There he had but one idea—to be avenged12. But to secure his vengeance13 he would have to make another "Albatross." This after all was an easy task for him who made the first. He used up what he could of the old material; the propellers and engines he had brought back in the brigantine. The mechanism14 was fitted with new piles and new accumulators, and, in short, in less than eight months, the work was finished, and a new "Albatross," identical with the one destroyed by the explosion, was ready to take flight. And he had the same crew.
 
The "Albatross" left X Island in the first week of April. During this aerial passage Robur did not want to be seen from the earth, and he came along almost always above the clouds. When he arrived over North America he descended15 in a desolate16 spot in the Far West. There the engineer, keeping a profound incognito17, learnt with considerable pleasure that the Weldon Institute was about to begin its experiments, and that the "Go-Ahead," with Uncle Prudent18 and Phil Evans, was going to start from Philadelphia on the 29th of April.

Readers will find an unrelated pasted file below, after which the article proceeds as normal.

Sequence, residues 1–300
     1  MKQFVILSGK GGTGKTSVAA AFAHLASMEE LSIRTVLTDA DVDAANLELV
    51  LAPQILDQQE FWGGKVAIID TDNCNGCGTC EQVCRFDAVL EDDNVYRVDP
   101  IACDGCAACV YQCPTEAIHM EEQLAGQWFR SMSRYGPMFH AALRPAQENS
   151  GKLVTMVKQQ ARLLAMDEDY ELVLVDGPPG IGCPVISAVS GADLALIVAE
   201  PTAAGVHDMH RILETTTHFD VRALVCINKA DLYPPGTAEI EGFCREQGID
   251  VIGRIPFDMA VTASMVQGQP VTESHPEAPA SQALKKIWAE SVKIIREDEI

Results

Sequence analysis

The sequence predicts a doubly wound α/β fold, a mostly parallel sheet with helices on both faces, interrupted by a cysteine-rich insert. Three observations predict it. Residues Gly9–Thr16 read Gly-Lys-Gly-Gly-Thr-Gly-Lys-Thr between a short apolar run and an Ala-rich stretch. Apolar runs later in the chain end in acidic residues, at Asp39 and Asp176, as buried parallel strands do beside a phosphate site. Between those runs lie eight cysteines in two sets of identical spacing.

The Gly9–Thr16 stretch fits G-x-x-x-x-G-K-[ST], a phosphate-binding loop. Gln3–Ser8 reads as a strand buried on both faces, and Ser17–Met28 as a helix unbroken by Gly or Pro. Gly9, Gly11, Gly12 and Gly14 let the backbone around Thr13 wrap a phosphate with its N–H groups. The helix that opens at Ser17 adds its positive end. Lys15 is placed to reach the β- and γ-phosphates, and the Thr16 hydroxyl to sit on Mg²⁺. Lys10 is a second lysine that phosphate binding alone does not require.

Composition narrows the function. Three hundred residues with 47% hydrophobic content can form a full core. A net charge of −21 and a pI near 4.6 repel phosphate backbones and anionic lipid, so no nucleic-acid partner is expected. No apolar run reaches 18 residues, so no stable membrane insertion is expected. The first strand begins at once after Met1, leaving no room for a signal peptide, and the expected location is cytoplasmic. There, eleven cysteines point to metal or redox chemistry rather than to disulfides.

Here was a chance for Robur and his crew to gratify their longing19 for revenge. Here was a chance for inflicting20 on their foes21 a terrible vengeance, which in the "Go-Ahead" they could not escape. A public vengeance, which would at the same time prove the superiority of the aeronef to all aerostats and contrivances of that nature!
 
And that is why, on this very day, like a vulture from the clouds, the aeronef appeared over Fairmount Park.
 
Yes! It was the "Albatross," easily recognizable by all those who had never before seen her.
 
The "Go-Ahead" was in full flight; but it soon appeared that she could not escape horizontally, and so she sought her safety in a vertical22 direction, not dropping to the ground, for the aeronef would have cut her off, but rising to a zone where she could not perhaps be reached. This was very daring, and at the same time very logical.